When it comes to anti-aging, that ceaseless, sometimes bitter war between you and the encroaching signs of aging, its oh so satisfying when you’re winning, we often focus on the skin exclusively. I mean really, we mostly focus on the face, but sometimes we’ll think about the skin on other body parts too, and Vine Vera is pretty good about pointing out helpful advice for the areas that aren’t the face.
But what about anti-aging for a part of your body that doesn’t even have skin? Might sound silly, but there’s actually something to it. In case you haven’t caught on by now, we’re talking about your hair. While it doesn’t need the same kind of care as skin, your hair absolutely does change as you age, so any full, comprehensive anti-aging strategy should include the hair. As you grow older, your hair will thin if you don’t do anything about it, particularly after you hit menopause. The color will gradually drift towards gray, and the texture might even change, all telltale signs of age.
And as such, today, Vine Vera’s going to be throwing some of our very favorite hair-related anti-aging tips for your perusal.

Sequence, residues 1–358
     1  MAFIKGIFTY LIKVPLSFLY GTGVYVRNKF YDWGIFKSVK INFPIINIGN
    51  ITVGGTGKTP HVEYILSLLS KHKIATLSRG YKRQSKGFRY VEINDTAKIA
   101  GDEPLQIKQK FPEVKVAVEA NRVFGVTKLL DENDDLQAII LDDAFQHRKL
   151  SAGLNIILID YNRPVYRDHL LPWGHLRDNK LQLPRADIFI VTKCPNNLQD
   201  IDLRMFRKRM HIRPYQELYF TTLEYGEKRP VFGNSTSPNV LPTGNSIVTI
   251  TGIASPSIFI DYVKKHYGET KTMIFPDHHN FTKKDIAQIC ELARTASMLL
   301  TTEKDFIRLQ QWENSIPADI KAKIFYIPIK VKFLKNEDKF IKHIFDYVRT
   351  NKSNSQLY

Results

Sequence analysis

Yes, nutrition can indeed affect the quality of your hair. If this surprises you, consider that just as nutrition affects the functioning of the majority of your body, including external parts like the skin, it’s only natural that your hair might be affected too.
Specifically, biotin, vitamin C, and keratin supplementation can help improve the quality of your hair. You can often find pills that contain a supplement of each of these things mixed together in a specialized “hair care” supplement. Do note, though, that this will only affect new hair growth, and not the hairs already on your head, but they can help the new growth to stay healthy, vigorous, and grow out longer and stay thicker.
As we mentioned, one major cause of hair thinning and degradation is hormonal in nature. Menopausal women often experience a rapid increase in the rate of hair thinning as they continue to age, and a lack of estrogen can negatively affect the texture of your hair, too. This can also happen to a lesser extent even if you’re pre-menopausal, because your hormone levels can change slightly with age even before menopause.
So whether you’re pre or post-menopausal, consider making an appointment with your doctor and discussing hormonal supplementation. Bringing your estrogen levels a bit higher and within a healthy range will not only help your hair, preventing or even reversing thinning, but it can also make your skin softer and decrease your pore size.
Natural oils, especially argan oil and coconut oil, can help you restore moisture and shine to rough, damaged, hair, and help prevent thinning and breakage. Try mixing a small dab into your conditioner, work some into your hair after you get out of the shower, or for intensive deep conditioning, warm some up a little, put on a very generous amount (seriously, make your hair as greasy as possible) at night, put a shower cap, wig cap. Or similar over it, and go to bed. The next morning, wash out the excess oil and your hair should be incredibly soft.